“…very foundation of the High-Tech Marketing Model. That model says that the way to develop a high-tech market is to work the curve left to right, focusing first on the innovators, growing that market, then moving on to the early adopters, growing that market, and so on, to the early majority, late majority, and even to the laggards.”
“It is important to maintain momentum in order to create a bandwagon effect that makes it natural for the next group to want to buy in.”
“If momentum is lost, then we can be overtaken by a competitor, thereby losing the advantages exclusive to a technology leadership position—specifically, the profit-margin advantage during the middle to late stages, which is the primary source from which high-tech fortunes are made.”
“This, in essence, is the High-Tech Marketing Model—a vision of a smooth unfolding through all the stages of the Technology Adoption Life Cycle.”
Testimonials – 380
“It should come as no surprise that the history of these flagship products conforms to the High-Tech Marketing Model.”
Illusion and Disillusion: Cracks in the Bell Curve
“Each of these gaps represents an opportunity for marketing to lose momentum, to miss the transition to the next segment, thereby never to gain the promised land of profit-margin leadership in the middle of the bell curve.”
“At present, neural networking software falls into this category.”
“As we shall see in the next chapter, the key to winning over this segment is to show that the new technology enables some strategic leap forward, something never before possible, which has an intrinsic value and appeal to the nontechnologist.”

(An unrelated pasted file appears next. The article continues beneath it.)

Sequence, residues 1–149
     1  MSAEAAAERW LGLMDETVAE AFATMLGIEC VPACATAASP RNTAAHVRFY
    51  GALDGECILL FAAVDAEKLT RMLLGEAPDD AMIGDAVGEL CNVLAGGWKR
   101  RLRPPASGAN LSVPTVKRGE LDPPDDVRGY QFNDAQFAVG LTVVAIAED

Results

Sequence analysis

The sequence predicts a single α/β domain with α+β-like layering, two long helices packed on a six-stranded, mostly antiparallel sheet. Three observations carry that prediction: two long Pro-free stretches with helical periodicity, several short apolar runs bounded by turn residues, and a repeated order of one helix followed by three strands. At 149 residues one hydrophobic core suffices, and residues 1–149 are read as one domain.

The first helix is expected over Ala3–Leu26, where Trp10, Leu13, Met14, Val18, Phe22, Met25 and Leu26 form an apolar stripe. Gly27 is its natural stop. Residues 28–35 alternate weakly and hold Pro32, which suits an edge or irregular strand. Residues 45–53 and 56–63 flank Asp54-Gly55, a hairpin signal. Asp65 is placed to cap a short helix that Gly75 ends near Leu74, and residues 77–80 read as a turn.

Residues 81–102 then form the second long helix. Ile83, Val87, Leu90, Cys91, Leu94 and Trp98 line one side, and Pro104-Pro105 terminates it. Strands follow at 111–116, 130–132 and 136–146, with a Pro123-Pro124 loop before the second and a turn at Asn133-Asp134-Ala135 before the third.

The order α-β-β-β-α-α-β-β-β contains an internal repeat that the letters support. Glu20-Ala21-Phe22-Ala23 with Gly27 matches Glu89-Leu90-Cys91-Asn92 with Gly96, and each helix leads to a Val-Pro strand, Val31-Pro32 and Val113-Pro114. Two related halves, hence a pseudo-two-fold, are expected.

“Simply put, the early majority is willing and able to become technologically competent, where necessary; the late majority, much less so.”
“What the early adopter is buying, as we shall see in greater detail in Chapter 2, is some kind of change agent. By being the first to implement this change in their industry, the early adopters expect to get a jump on the competition, whether from lower product costs, faster time to market, more complete customer service, or some other comparable business advantage.”
“By contrast, the early majority want to buy a productivity improvement for existing operations. They are looking to minimize the discontinuity with the old ways. They want evolution, not revolution. They want technology to enhance, not overthrow, the established ways of doing business. And above all, they do not want to debug somebody else’s product. By the time they adopt it, they want it to work properly and to integrate appropriately with their existing technology base.”
“Because of these incompatibilities, early adopters do not make good references for the early majority.”
“So what we have here is a catch-22. The only suitable reference for an early majority customer, it turns out, is another member of the early majority, but no upstanding member of the early majority will buy without first having consulted with several suitable references.”
“In sum, when promoters of high-tech products try to make the transition from a market base made up of visionary early adopters to penetrate the next adoption segment, the pragmatist early majority, they are effectively operating without a reference base and without a support base within a market that is highly reference oriented and highly support oriented.”
A High-Tech Parable
“….It’s time to bring in “real management.””
“Real management doesn’t do any better.”
This parable is a highlight of the book for anyone who has worked in tech.
“Thus, at a time of greatest peril, when the company was just entering the chasm, its leaders held high expectations rather than modest ones, and spent heavily in expansion projects rather than husbanding resources.”